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Child abuse

Childabuse

Upon reading the book The Turn of the Screw, by Henry James,one cannot help but realize that this is more than a mere ghoststory. The title itself seems quite out of place up until one readsthe book for a second time and notices other themes within it. Upon apsychoanalytic reading of the book, one clearly sees a case oframpant child abuse. It tells of incidences of child neglect and assuch seems to warn readers against any aptitude towardsoverindulgence of any form.

This book was written at the end of the 19th Century and to be moreprecise in 1898. The Turn of The Screw is a narrative telling of thestory of woman living in high society, as such a governess. On apsychoanalytical perspective, life seems to offer her much more thanwhat should be dearly accorded to her (Esch and Warren 112). Shemeets a man, who is in essence described in the story as a guardianto both his nephew and niece. He is accorded with the children`sguardianship after both parents die in India. The man is physicallyendowed and attractive and these attributes tend to sweep thegoverness off her feet as the handsome man instantly smites her(Firebaugh 57). This is what compels the distinguished woman toassist the man in taking care of the two children (Shine, 1969). Thechildren`s uncle however sets rules by which the governess has toadhere to with regard to taking care of the children. As such, she istasked with taking care of any issues that may arise concerning thetwo children. The uncle delegates so much of his duties as thechildren guardian such that the man is not to be bothered with theaffairs of the children whatever the case might be (Esch and Warren121 Hoople 95). This is indeed extreme, and shows the firstincidence in which the aspect of child neglect and child abuse occursin the book. The two children Miles and Flora thus first encounterthe governess` poor skills with regard to handling young children(Esch and Warren 109). This in essence spells horror for the readerand may be the reason as to why Henry James, the authors opted toincorporate ghost stories in the book.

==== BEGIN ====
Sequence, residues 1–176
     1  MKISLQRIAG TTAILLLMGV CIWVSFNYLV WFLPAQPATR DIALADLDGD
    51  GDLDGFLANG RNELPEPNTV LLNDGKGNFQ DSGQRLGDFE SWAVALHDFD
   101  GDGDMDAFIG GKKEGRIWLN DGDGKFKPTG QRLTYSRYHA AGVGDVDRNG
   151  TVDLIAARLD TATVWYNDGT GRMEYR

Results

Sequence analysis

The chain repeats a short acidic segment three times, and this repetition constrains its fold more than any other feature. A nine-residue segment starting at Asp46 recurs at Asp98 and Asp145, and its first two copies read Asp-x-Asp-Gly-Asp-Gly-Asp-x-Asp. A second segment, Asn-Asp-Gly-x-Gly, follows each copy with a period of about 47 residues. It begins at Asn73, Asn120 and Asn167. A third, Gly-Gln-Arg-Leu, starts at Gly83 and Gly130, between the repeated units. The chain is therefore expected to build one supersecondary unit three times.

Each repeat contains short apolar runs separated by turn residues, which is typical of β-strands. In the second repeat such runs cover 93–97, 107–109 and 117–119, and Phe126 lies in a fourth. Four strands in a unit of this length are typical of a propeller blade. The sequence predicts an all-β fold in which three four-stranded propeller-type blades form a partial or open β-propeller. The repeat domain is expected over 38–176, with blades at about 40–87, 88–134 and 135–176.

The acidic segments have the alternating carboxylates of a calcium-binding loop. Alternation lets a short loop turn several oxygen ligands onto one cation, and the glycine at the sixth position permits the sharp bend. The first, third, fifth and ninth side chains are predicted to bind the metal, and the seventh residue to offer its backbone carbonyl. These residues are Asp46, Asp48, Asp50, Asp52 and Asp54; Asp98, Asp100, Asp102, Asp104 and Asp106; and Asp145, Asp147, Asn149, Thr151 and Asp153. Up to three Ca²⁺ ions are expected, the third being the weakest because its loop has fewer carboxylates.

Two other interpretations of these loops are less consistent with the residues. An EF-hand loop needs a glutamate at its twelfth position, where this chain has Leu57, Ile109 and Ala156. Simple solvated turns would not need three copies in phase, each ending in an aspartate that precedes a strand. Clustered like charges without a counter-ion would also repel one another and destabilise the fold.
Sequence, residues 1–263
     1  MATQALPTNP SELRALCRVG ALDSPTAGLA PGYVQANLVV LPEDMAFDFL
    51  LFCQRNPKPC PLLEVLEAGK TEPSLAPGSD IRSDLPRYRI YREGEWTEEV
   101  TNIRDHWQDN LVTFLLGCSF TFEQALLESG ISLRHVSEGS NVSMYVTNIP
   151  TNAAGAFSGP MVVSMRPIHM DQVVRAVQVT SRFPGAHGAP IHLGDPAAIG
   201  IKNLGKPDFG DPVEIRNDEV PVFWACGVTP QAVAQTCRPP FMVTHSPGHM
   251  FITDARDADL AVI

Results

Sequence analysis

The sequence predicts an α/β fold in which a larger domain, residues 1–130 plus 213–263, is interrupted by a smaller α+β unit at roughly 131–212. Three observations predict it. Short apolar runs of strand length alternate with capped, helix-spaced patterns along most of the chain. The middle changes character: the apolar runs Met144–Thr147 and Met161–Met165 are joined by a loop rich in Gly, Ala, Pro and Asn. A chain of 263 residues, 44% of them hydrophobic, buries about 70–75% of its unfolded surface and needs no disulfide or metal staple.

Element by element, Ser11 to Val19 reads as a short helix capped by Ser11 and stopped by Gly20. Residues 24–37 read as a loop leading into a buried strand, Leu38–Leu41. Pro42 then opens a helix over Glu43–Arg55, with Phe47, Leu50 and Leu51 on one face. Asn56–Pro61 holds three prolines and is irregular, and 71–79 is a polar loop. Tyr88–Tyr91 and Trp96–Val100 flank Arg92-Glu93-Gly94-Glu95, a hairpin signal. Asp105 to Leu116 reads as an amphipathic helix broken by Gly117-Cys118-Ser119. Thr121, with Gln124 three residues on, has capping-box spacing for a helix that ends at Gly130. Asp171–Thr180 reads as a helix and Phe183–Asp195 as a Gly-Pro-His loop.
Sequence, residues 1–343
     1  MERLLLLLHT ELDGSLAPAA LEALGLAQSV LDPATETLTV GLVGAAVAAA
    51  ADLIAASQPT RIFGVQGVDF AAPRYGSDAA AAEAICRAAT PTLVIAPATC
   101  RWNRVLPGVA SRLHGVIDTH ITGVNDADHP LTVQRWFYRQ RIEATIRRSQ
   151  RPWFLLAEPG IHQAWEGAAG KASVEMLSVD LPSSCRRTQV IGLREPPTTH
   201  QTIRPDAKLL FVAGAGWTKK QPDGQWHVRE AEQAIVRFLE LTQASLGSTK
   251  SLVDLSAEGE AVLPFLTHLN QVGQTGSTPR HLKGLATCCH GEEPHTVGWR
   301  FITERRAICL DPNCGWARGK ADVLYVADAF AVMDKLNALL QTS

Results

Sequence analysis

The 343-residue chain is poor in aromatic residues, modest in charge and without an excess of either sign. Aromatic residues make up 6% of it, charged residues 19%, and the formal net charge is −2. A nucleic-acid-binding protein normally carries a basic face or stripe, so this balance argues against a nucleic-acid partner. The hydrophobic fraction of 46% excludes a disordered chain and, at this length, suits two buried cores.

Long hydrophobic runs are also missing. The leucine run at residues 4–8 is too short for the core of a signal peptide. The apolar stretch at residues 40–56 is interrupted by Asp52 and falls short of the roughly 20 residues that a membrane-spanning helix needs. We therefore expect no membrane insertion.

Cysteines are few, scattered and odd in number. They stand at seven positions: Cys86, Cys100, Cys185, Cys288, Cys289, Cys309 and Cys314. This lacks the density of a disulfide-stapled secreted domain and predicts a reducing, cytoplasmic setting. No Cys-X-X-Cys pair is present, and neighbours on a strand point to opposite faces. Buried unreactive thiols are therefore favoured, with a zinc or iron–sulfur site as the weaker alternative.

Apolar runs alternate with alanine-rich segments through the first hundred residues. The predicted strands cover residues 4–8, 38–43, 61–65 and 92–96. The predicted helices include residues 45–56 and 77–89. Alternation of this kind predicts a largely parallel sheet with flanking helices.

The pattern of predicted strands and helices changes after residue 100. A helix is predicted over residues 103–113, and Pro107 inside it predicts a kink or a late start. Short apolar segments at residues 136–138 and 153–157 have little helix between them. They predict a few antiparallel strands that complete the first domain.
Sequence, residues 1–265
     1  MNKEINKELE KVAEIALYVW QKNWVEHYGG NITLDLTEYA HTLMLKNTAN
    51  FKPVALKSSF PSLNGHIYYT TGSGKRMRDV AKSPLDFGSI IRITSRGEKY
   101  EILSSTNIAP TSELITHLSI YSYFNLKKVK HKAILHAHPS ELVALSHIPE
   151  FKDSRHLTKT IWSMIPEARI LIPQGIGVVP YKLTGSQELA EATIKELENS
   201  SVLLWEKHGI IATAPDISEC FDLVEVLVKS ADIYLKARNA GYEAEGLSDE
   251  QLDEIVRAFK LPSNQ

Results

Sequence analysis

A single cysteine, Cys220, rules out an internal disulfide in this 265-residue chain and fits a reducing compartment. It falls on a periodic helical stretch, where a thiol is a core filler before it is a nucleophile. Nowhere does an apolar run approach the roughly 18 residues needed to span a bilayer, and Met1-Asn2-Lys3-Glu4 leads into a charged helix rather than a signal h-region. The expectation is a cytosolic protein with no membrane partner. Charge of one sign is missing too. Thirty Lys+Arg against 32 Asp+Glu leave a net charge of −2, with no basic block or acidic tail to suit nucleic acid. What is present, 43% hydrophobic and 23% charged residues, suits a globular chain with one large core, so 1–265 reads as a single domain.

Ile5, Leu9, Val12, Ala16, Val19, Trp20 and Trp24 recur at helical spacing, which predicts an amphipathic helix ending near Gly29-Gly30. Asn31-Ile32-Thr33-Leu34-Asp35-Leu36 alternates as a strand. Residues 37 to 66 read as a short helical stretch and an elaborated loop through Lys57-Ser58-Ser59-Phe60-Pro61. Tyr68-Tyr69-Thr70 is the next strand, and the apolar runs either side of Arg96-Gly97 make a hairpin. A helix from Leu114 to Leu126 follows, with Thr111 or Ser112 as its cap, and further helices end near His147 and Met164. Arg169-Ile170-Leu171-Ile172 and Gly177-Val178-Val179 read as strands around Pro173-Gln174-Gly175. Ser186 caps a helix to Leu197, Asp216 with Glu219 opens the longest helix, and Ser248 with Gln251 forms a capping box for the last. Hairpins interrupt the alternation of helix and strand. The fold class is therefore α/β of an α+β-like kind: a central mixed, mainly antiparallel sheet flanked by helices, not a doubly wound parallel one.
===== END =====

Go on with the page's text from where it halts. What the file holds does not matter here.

Upon her arrival, the woman governor is shocked to find a house withhaunted ghosts (Esch and Warren 95). Two ghosts to be precise, whichas one reads on finds that they are Miss. Jessel, former governess toMiles and Flora and the second ghost being a former man-servant knownas Peter Quint who worked for the children`s uncle (Wilson 398).Before their departure to the next world, the former governess andthe manservant lived as a couple and took care of the two-orphanedchildren. In life they were a couple and cared for Miles and Flora,unfortunately both are said to have died under unclear circumstancessuch that the causes of both their deaths remains a mystery. Ms.Jessel’s cause of death is unknown, and Quint was found dead on theside of the road from a blow to head, perhaps from slipping on winterice (Kenton 69). At first, the governess is depicted as a caring andresponsible guardian as she shows her concern of the safety of thetwo young children due to the ghost threats in the house (Hoffman97). However, she does so selectively opting to remain with youngmaster Miles as she sends off Flora with Mrs. Grose after coming downwith a fever.